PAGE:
Each lung is enclosed within a cavity that is surrounded by the pleura. The pleura (plural = pleurae) is a serous membrane that surrounds the lung. The right and left pleurae, which enclose the right and left lungs, respectively, are separated by the mediastinum. The pleurae consist of two layers. The is the layer that is superficial to the lungs, and extends into and lines the lung fissures ((Figure)). In contrast, the is the outer layer that connects to the thoracic wall, the mediastinum, and the diaphragm. The visceral and parietal pleurae connect to each other at the hilum. The is the space between the visceral and parietal layers.

 

This figure shows the lungs and the chest wall, which protects the lungs, in the left panel. In the right panel, a magnified image shows the pleural cavity and a pleural sac.
Figure 6.2 Parietal and Visceral Pleurae of the Lungs

The pleurae perform two major functions: They produce and create cavities that separate the major organs. Pleural fluid is secreted by mesothelial cells from both pleural layers and acts to lubricate their surfaces. This lubrication reduces friction between the two layers to prevent trauma during breathing, and creates surface tension that helps maintain the position of the lungs against the thoracic wall. This adhesive characteristic of the pleural fluid causes the lungs to enlarge when the thoracic wall expands during ventilation, allowing the lungs to fill with air. The pleurae also create a division between major organs that prevents interference due to the movement of the organs, while preventing the spread of infection.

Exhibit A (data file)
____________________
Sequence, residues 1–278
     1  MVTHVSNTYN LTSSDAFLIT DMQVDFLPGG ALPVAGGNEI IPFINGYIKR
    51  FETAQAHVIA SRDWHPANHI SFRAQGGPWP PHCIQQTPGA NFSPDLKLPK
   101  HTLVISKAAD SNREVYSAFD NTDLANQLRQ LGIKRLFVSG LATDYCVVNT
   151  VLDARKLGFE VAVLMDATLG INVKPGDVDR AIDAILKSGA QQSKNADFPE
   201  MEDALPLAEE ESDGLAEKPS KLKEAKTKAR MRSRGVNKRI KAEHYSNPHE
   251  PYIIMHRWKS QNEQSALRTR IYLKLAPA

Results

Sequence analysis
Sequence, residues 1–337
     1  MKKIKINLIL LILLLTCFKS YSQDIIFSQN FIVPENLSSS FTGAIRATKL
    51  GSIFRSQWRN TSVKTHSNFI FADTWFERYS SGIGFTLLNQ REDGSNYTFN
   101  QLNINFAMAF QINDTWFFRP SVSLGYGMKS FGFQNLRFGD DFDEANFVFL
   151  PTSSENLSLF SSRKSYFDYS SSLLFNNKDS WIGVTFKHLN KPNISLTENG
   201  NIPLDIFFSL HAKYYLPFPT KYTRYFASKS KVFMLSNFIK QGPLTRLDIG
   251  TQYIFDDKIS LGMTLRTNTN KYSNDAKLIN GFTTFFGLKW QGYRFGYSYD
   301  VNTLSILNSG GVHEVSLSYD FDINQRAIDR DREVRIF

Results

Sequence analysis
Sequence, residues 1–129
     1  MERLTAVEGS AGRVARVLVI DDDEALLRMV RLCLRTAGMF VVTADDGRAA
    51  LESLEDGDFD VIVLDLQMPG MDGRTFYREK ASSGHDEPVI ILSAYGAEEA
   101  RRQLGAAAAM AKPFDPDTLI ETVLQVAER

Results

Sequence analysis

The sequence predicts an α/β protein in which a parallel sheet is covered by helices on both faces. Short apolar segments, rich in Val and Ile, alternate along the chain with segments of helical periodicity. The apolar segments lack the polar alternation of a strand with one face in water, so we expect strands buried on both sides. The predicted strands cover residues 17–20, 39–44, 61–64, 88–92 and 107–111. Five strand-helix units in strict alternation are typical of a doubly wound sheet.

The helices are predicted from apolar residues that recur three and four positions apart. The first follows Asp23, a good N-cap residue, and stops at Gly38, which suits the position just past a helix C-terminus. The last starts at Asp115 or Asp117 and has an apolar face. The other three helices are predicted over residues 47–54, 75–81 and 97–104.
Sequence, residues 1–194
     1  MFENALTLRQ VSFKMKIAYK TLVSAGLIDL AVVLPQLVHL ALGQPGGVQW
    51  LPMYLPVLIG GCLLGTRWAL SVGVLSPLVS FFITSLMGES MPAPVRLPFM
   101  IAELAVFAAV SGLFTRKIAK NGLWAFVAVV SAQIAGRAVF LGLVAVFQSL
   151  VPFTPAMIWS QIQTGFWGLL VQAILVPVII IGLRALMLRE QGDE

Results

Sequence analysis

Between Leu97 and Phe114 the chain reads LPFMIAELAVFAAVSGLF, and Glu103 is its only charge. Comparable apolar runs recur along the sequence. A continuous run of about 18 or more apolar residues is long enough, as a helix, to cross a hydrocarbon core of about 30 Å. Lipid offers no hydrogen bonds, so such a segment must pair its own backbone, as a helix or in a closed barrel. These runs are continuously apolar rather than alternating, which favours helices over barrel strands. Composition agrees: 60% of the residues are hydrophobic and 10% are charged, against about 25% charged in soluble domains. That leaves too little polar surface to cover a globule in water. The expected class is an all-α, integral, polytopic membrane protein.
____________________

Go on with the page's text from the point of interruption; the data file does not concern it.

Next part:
Critical Thinking Questions

Why is there a difference in size and shape between the right and left lungs?

The right and left lungs differ in size and shape to accommodate other organs that encroach on the thoracic region. The right lung consists of three lobes and is shorter than the left lung, due to the position of the liver underneath it. The left lung consist of two lobes and is longer and narrower than the right lung. The left lung has a concave region on the mediastinal surface called the cardiac notch that allows space for the heart.

Why are the pleurae not damaged during normal breathing?